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BACKGROUND

Rather than as separate, these can be thought of as two aspects of the same process. Physical dependence occurs when an individual develops tolerance to a substance, so that he or she requires an increased amount of the substance to achieve the desired effects, which often include “feeling normal” (APA, 2013; RNAO, 2009). Psychological dependence may occur with physical dependence, and is characterized by a pattern of compulsive substance use and craving – or an intense desire – for the substance due to the reinforcing effects of the substance (RNAO, 2009). Craving can occur at any time, but is more likely to be triggered by an environmental cue that is associated with previous use (APA, 2013). Physical withdrawal symptoms, such as nausea, vomiting, palpitations, and tremors, may occur if the individual suddenly discontinues using the substance (RNAO, 2009). For this reason, individuals with a substance use disorder may continue to use substances to avoid the negative, debilitating feelings of withdrawal rather than to experience the feelings of euphoria that were associated with the initial experience of use (RNAO, 2009). In addition to physical withdrawal symptoms, sudden cessation of a substance can lead to psychological withdrawal symptoms, such as anxiety, irritability, or mood lability (APA, 2013; RNAO, 2009).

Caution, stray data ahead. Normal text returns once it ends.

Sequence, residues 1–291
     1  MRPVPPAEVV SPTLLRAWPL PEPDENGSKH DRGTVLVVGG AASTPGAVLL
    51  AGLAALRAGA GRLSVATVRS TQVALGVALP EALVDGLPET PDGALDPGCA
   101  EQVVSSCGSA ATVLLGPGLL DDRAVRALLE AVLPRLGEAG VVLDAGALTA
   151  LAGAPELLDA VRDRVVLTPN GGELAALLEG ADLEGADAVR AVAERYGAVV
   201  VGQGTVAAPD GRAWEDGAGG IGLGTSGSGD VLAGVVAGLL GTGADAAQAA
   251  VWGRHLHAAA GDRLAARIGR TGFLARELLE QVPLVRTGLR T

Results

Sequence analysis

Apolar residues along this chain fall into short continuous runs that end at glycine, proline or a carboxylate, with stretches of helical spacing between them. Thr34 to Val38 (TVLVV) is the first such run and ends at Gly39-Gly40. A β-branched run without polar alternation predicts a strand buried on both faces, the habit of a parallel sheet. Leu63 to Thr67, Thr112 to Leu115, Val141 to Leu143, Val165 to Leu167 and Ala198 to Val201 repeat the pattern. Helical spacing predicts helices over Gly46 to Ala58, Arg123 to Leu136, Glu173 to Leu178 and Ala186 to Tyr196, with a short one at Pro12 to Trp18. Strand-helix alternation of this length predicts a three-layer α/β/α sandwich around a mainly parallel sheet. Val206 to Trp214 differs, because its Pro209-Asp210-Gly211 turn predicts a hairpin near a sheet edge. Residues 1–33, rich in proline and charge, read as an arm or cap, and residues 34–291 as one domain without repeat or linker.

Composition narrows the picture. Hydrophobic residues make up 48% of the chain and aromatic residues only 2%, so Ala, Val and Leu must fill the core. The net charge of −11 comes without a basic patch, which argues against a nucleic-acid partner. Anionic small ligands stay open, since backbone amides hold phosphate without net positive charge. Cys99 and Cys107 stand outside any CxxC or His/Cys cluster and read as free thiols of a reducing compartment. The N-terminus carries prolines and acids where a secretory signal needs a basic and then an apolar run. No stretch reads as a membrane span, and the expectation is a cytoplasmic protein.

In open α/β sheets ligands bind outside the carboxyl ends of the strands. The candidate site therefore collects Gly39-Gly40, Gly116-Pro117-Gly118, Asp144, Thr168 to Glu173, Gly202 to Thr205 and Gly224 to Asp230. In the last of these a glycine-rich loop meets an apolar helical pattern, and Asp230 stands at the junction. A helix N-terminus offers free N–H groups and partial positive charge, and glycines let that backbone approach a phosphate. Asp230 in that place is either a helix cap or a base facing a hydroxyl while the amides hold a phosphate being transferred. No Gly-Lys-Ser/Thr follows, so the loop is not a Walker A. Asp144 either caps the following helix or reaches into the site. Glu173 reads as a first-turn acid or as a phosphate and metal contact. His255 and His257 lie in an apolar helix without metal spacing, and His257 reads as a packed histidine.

Baseline

1. Use gives immediate positive effects 2. Effects lessen with repeated use, leading to increased use 3. Attempts to stop use results in negative effects

Figure 1. Adapted from M. Dykeman, personal communication, July 24, 2014.

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Shorter intervals between doses

Increased dose

First use

Figure 1: Process of Developing a Substance Use Disorder

PHYSICALLY ILL UNABLE TO MAINTAIN SOCIAL NORMS IN TROUBLE WITH LAW

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BACKGROUND

A common misconception is that psychological dependence is not as serious as physical dependence (RNAO, 2009). However, it is important to note that a substance use disorder can occur without evidence of physical dependence (tolerance or withdrawal) and/or psychological dependence, depending on the substance consumed (APA, 2013). For example, opioids, alcohol, and nicotine have been shown to cause both physical (i.e., withdrawal) and psychological (i.e., craving) dependence, while cocaine causes only psychological dependence.